- WUSA9 -
Desiree Jennings is trapped in her body. Intellectually she's all there, but her muscles are fighting each other. She's been diagnosed with dystonia, an extremely rare and debilitating neurological disease.
She says after taking the seasonal flu shot she witnessed her body's rapid decline. She doesn't know what else it could be but she has serious questions about the seasonal flu shot. The Centers for Disease Control cannot comment on her case.
Desiree was a healthy 25-year-old up until two months ago, working at AOL and as a Redskins cheerleading ambassador.
But her world has now been turned upside down.
Desiree has trouble talking and speaks in a staccato rhythm.
She says, "It's a battle every day because when I wake up I think it's going to be normal, but then I'm quickly reminded that's not going to be the case."
She says 10 days after getting a seasonal flu shot at a Reston grocery store in August, and on her second wedding anniversary, she got sick. First, she came down with flu like symptoms, then convulsions and blacking out.
She's seen more than 60 doctors. She says all of them were stumped until Johns Hopkins diagnosed her with dystonia. She believes her seasonal flu shot triggered it.
Desiree says, "Nothing else explains such a fast moving neurological damage. The medical hospitals ruled out everything, CAT scans normal, blood normal, MRI normal. The only thing that explains it is the shot caused the neurologic damage."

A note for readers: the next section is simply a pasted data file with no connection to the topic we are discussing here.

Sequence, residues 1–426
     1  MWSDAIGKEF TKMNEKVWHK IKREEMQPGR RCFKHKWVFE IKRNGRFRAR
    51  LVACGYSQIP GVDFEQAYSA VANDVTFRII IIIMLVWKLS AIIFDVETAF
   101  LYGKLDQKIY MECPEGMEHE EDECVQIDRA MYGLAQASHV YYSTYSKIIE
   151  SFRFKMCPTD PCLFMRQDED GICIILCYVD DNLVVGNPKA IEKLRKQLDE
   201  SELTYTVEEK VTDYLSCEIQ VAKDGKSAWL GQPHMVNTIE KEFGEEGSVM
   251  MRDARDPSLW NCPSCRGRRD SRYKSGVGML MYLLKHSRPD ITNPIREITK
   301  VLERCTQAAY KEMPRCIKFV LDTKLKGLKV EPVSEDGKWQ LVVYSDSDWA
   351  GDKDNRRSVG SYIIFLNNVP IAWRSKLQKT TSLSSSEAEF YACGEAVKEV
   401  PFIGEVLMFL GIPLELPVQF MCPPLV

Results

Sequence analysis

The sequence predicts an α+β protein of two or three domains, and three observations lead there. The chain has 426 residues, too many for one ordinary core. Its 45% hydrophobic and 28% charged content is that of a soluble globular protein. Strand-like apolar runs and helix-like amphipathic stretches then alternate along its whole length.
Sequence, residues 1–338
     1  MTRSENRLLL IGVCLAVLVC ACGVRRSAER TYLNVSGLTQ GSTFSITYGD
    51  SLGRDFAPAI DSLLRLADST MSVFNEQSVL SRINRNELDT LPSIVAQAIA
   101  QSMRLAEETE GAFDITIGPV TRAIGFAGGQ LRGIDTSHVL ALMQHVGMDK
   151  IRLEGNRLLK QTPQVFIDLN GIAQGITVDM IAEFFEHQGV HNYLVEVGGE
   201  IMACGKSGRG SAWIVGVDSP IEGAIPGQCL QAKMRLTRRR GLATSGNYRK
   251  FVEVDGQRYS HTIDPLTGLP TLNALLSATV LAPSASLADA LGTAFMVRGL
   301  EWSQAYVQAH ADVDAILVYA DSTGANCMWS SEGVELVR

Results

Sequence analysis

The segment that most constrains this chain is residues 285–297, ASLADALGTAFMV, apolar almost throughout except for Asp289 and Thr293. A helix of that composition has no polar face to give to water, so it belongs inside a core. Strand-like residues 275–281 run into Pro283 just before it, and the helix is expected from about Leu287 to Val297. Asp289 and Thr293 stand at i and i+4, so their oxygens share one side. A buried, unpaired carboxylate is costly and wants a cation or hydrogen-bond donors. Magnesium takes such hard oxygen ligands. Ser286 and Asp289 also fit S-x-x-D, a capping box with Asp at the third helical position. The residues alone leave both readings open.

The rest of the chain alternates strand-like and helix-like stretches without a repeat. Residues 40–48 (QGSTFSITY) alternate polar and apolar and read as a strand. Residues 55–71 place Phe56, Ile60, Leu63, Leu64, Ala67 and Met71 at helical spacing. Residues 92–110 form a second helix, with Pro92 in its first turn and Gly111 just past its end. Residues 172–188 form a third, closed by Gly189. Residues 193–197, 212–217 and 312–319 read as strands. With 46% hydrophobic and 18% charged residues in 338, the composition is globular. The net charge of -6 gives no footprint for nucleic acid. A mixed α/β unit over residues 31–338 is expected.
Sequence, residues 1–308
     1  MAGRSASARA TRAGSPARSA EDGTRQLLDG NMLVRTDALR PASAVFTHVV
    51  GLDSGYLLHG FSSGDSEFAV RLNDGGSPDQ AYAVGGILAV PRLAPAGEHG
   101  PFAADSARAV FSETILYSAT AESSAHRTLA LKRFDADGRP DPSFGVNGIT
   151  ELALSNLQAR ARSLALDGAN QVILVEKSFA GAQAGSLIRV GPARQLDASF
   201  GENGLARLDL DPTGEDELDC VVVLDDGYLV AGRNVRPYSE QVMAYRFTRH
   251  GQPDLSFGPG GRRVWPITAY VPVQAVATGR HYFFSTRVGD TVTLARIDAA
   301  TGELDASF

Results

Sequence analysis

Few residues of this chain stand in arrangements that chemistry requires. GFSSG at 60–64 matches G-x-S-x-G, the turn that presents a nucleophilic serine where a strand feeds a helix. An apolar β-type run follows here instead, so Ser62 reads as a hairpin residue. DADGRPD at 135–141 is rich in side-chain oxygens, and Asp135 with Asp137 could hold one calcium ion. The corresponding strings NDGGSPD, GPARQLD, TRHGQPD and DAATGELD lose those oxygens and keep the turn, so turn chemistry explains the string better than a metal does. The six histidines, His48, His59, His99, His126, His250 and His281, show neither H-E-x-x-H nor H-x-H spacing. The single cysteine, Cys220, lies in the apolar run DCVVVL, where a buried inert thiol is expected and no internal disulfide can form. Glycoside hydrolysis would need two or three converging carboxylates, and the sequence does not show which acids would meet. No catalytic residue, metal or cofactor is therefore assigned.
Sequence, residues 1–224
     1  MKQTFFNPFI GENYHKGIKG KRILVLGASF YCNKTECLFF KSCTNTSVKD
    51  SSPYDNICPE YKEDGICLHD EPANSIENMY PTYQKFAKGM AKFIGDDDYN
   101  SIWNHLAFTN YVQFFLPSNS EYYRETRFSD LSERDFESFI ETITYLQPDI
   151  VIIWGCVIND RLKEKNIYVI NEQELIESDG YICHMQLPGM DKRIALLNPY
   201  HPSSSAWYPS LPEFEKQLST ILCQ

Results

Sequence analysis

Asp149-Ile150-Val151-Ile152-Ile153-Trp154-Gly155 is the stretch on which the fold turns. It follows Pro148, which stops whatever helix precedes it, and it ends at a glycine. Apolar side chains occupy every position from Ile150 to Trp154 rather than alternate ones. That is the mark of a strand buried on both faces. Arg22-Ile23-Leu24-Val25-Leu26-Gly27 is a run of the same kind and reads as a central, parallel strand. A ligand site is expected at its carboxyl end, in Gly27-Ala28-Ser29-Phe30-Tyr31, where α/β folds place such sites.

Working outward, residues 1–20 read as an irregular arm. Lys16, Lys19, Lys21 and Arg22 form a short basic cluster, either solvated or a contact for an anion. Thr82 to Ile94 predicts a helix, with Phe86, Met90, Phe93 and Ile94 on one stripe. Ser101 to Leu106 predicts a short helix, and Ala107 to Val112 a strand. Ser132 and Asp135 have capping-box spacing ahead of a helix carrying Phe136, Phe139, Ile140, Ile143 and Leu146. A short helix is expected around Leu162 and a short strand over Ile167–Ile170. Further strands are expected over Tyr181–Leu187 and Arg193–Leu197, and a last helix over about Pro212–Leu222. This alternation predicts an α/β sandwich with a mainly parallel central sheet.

She says it is a strange disorder where muscles work against each other. She can't walk forward, only backwards. She can run, but she can't stop without help. She can whisper but has difficulty speaking. Noises can cause convulsions. Her resting heart rate is 90. When she runs her blood pressure dips to 58. She gets exhausted walking a few steps but she could run for hours.
Drugs such as valium and klonopin that make other people sleepy give her energy for hours.
Simple exercises become nearly impossible.
Desiree's husband, Brendan, says, "It gets worse everyday. It's heartbreaking to see."
Desiree says the disease is irreversible. Once she loses an ability it doesn't come back. She says there are only three ways you can get dystonia as an adult and they include head trauma, drug use, and poisoning. She says she has not experienced any of that.
There is no cure. One in a million are diagnosed with the disease. She says she just wants healthy people to talk to their doctors and weigh the risk.
While the Centers for Disease Control cannot comment directly on this case, they say they have no knowledge of a link between the seasonal flu shot and dystonia.